Britain outlined its proposals Wednesday for close security cooperation with the EU after Brexit, but these risk being undermined by the bloc’s refusal to share sensitive data on the Galileo satellite project.
Prime Minister Theresa May has called for a deep trade and security relationship with Brussels after Britain leaves the European Union in March 2019, and hopes to have a deal agreed in principle by October.
A document presented to the European Commission last week and published on Wednesday outline plans for a treaty on internal security and models of cooperation on foreign policy and in defence operations.
But officials have been taken aback by Brussels’ decision to deny London access to encrypted signals from the EU’s Galileo satellite navigation system, citing legal issues about sharing sensitive information with a non-member state.
Britain played a major role in developing the £9 billion (10 billion euros, $12 billion) project, an alternative to the US’ GPS which is expected to be fully operational in 2026.
Being frozen out due to security concerns could have implications for the rest of the partnership, the government document warns.
“The arrangements for any UK cooperation on Galileo are an important test of the depth of operational cooperation and information-sharing envisaged under the security partnership,” it said.
It demands continued British access to the secure signal and a right to compete for contracts.
Britain is looking into developing its own, separate system if the EU maintains its position, and has also raised the question of Galileo’s use of Britain’s overseas territories as monitoring bases.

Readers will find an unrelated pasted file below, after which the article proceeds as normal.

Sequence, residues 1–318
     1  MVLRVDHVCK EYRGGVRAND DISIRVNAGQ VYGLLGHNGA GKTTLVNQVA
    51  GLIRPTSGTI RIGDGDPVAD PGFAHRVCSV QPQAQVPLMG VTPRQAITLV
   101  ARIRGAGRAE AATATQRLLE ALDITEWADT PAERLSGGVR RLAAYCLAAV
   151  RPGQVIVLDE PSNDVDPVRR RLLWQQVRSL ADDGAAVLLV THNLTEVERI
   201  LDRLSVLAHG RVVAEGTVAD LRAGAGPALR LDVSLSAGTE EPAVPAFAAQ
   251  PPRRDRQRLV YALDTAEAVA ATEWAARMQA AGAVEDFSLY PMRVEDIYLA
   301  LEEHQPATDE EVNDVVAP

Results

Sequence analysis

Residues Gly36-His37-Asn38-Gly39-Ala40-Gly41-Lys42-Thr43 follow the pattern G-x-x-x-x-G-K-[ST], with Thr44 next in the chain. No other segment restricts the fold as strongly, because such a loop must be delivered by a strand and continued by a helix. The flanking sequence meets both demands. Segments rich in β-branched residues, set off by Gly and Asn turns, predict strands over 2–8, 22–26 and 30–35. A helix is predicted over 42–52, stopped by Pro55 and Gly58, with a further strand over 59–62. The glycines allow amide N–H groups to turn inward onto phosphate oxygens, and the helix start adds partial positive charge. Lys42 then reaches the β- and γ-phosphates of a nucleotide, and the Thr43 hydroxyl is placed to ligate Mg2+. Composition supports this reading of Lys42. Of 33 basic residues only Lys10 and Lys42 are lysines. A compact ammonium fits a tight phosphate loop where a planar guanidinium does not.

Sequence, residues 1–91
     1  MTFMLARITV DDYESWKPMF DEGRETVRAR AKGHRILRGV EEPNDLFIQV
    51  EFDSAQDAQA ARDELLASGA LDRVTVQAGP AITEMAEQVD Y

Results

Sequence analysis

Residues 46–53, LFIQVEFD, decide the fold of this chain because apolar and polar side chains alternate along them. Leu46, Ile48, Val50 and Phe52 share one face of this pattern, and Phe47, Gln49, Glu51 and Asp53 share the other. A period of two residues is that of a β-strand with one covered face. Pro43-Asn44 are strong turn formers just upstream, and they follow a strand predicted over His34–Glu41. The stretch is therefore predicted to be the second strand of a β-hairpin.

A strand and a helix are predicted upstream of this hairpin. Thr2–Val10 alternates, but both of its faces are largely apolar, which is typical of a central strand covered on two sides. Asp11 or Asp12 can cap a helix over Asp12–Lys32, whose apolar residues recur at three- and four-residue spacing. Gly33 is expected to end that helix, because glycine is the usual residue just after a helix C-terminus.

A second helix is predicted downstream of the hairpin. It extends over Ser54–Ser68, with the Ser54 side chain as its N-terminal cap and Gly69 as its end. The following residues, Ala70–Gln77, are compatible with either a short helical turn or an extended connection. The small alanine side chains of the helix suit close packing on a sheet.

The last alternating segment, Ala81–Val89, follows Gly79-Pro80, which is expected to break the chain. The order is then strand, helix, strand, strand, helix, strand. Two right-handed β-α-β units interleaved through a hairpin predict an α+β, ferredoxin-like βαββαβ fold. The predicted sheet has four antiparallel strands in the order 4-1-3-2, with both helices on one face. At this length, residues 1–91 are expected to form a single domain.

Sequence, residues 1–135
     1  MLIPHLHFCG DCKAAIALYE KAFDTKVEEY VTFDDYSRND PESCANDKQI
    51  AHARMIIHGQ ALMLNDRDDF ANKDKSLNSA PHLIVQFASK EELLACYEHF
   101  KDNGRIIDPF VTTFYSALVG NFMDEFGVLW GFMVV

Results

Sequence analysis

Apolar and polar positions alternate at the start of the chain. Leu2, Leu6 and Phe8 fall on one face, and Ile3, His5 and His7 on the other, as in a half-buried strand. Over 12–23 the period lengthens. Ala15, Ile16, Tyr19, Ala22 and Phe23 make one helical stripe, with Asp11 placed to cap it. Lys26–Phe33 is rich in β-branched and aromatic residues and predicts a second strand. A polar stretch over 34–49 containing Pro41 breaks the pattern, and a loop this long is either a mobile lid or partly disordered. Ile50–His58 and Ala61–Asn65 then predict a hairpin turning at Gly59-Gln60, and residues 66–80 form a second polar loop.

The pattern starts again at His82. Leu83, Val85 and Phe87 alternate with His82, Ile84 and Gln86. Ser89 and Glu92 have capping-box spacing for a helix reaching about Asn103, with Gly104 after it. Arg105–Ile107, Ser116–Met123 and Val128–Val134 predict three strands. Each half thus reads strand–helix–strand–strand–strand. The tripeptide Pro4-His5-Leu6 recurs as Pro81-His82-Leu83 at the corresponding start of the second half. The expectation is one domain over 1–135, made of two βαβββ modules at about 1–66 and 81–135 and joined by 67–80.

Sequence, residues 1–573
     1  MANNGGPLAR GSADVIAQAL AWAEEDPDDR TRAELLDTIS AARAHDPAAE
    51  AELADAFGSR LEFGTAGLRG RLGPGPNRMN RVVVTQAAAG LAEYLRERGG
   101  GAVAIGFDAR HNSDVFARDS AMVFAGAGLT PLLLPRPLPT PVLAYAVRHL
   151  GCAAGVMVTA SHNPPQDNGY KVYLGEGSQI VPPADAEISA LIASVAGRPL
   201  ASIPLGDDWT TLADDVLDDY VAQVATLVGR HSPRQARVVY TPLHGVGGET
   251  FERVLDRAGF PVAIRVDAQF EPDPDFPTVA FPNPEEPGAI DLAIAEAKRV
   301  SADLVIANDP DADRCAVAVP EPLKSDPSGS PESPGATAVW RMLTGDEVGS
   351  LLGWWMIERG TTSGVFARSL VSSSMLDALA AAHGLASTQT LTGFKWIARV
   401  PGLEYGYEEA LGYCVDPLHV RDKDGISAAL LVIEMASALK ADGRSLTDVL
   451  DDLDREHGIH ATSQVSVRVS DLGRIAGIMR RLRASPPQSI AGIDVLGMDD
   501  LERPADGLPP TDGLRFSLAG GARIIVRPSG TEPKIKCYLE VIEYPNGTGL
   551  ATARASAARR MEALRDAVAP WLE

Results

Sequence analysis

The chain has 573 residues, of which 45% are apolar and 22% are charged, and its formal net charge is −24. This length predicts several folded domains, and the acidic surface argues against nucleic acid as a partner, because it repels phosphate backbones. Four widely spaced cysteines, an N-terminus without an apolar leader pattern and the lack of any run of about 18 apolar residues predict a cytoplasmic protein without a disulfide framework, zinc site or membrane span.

The Times newspaper meanwhile reported Wednesday that the government is looking at ways to ban British-based technology companies from transferring sensitive information overseas.
Elsewhere, the document set out plans for a new treaty allowing Britain to continue using EU internal security measures such as the European Arrest Warrant, participate in agencies such as Europol, and continue the swift and secure exchange of data and criminal records.
Britain also wants to agree ways to allow it to contribute to EU defence missions on a case-by-case basis, as well as defence research projects and defence planning.
It points to the common threats faced by all European countries, from terrorism to illegal immigration, cyber threats and aggression, which has been blamed for a March chemical weapons attack in the English city of Salisbury.
Filed Under: Aerospace + defense